TEL AVIV (Dec. 10)
The massive demonstration for Soviet Jewry in Washington last Sunday, just prior to the Reagan-Gorbachev summit meeting, will have no effect on Soviet emigration policy, a senior Soviet official told Israel Radio’s Washington correspondent Thursday.
According to Vitaly Jurkin, deputy director of the Soviet Institute of the USA and Canada the “Freedom Sunday” rally “will have no influence at all on the situation.” The rally drew more than 200,000 people of all faiths to demand free emigration for Soviet Jews.
He said “the Soviet Union is moving ahead along many areas of human rights, including the issue which I personally consider to be a very difficult issue — that of emigration.”
He defended new regulations that Soviet Jewry activists say make it more difficult to apply for an exit visa. “The new regulations, as you know, were adopted and the Soviet Union started implementing them at the beginning of this year. The number of emigrants from the Soviet Union increased,” Jurkin said.
But he disputed the number of Jews said to be seeking permission to emigrate. “Anyone on the Soviet side who deals with this problem considers as fantastic the figures which are sometimes mentioned — 400,000, 40,000 — I don’t know how many thousand.
“So in this sense I don’t think the demonstration influenced the Soviet position,” Jurkin said. “But at the same time, in this dimension which has nothing to do with the demonstrations – in the dimension of the increasing democratization in the Soviet Union, of glasnost (openness), an attempt to settle really many of the problems which do exist — I think this process will continue.”
RELATIONS WITH ISRAEL
Jurkin maintained that relations between Israel and the Soviet Union have improved in recent years, and he suggested that the issue should be discussed “calmly and practically.”
Foreign Minister Shimon Peres, meanwhile, said he was pessimistic about chances that the summit meeting between President Reagan and Soviet leader Mikhail Gorbachev has changed the Soviet position toward the Middle East.
Speaking to reporters Thursday during a visit to Kiryat Shemona, near the Lebanese border, Peres said, “I don’t think it (the summit) will have a direct effect on Israel.”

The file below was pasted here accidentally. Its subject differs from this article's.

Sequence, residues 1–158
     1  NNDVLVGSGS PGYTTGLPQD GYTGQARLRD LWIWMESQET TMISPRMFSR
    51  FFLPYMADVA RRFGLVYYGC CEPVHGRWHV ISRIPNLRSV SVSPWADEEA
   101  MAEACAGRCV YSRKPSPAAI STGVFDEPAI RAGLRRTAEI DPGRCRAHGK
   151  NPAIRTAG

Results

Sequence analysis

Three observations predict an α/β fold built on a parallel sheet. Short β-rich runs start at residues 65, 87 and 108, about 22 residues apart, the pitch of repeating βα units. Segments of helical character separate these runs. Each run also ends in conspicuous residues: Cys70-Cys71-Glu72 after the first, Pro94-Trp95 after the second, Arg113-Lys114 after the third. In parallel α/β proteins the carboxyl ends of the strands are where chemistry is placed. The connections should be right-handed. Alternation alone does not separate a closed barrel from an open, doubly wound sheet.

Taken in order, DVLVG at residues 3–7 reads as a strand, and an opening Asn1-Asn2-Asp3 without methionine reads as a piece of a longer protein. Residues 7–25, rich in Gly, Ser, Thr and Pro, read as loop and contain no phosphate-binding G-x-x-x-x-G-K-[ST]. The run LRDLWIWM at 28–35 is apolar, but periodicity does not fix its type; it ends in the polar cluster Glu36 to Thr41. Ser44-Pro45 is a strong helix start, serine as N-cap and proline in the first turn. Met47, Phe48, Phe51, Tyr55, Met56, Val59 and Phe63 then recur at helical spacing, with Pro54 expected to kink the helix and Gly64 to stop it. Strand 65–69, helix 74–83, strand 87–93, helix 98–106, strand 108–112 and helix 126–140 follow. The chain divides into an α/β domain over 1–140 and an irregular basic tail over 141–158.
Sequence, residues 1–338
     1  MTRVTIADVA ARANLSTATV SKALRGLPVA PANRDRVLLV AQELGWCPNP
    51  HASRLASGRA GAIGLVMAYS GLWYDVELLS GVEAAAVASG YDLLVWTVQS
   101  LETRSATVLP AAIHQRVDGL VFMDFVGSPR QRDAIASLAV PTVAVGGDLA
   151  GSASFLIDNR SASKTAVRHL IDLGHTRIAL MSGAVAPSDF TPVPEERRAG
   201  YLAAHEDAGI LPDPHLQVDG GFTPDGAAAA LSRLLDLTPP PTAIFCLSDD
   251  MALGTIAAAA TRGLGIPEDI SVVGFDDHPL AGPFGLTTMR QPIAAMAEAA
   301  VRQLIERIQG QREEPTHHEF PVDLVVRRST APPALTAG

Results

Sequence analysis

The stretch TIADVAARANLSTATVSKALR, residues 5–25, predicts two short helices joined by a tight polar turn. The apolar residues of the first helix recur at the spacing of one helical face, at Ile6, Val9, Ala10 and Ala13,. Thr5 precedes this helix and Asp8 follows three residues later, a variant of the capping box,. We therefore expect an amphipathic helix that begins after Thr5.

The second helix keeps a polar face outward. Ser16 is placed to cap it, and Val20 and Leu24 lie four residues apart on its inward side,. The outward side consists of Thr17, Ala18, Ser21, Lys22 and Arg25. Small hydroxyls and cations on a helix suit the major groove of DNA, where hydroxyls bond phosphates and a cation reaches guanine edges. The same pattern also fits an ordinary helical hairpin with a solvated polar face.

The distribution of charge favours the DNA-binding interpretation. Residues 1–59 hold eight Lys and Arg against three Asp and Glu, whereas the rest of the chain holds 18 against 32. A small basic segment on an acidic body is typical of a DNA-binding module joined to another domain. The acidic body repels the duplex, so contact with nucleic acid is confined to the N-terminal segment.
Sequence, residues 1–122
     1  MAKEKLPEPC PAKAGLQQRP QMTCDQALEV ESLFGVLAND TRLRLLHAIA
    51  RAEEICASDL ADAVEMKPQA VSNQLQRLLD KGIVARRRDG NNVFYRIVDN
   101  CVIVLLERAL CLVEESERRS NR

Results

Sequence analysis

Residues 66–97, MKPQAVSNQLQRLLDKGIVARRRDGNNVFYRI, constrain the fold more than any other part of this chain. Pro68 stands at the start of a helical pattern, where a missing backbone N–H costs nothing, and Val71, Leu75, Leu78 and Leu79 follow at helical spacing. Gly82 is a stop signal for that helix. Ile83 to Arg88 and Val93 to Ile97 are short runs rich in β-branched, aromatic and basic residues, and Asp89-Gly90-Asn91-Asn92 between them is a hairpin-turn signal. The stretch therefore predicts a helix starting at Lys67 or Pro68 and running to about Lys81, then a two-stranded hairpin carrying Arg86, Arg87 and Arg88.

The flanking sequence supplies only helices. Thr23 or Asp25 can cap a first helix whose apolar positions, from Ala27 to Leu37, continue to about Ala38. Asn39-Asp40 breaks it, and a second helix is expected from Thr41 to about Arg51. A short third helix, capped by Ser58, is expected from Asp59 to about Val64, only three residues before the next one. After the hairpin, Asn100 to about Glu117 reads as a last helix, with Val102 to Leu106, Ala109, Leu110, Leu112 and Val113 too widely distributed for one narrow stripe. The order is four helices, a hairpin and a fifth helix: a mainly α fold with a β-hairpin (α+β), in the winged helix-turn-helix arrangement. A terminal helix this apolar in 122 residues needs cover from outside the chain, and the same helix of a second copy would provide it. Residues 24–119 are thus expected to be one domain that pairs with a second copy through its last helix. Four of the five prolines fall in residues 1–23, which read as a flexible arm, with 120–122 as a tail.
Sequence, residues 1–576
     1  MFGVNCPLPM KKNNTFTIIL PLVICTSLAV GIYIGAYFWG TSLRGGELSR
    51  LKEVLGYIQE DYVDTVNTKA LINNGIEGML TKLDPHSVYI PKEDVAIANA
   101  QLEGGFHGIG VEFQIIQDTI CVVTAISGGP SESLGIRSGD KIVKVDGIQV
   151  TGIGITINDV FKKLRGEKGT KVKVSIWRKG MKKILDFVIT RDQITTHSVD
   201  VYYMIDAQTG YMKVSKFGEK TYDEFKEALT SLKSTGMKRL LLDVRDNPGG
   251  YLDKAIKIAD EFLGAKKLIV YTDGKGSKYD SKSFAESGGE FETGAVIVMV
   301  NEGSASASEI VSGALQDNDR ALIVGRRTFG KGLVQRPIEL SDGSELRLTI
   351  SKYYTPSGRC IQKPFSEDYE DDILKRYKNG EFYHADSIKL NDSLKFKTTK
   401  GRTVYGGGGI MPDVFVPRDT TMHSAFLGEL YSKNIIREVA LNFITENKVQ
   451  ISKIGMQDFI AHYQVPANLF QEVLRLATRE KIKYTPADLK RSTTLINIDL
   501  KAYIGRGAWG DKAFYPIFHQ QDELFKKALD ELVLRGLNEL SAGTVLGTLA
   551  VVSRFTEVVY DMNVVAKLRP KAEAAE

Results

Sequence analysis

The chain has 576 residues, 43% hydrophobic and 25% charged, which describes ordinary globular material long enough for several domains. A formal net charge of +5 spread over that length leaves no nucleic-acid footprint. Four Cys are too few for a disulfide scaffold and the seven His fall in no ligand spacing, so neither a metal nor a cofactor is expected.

When asked if Moscow might stop supplying Syria with SAM-2 anti-aircraft missiles and other weapons, he said, “I wish it would — but I’m not sure.” He added that the Soviets recently supplied Damascus with more guns and artillery.
The foreign minister appeared disappointed that Reagan and Gorbachev apparently did not discuss an international conference on the Middle East, which Peres strongly advocates as the only feasible opening for direct peace negotiations between Israel and its Arab neighbors.
He noted that the issue has not come up so far and that five months would elapse before the next summit meeting in Moscow. But Peres added that he would not allow the time to be wasted.
Asked if he would take any initiatives for an international conference in the interim, Peres replied, “Yes, yes, I think it is our problem. I would like to see peace with our neighbors.
“Maybe for the Soviet Union, it is not as burning an issue as it is for us. But I intend to continue and act tirelessly for peace in the future,” the foreign minister said. He likened an international conference to the “open fence” between Israel and Lebanon, “an opening to peace.”
Peres was more hopeful with respect to the treaty banning intermediate range nuclear weapons, which Reagan and Gorbachev signed at the White House Tuesday. “We shall, all of us, breathe better air and have more hope as citizens of this globe,” he said.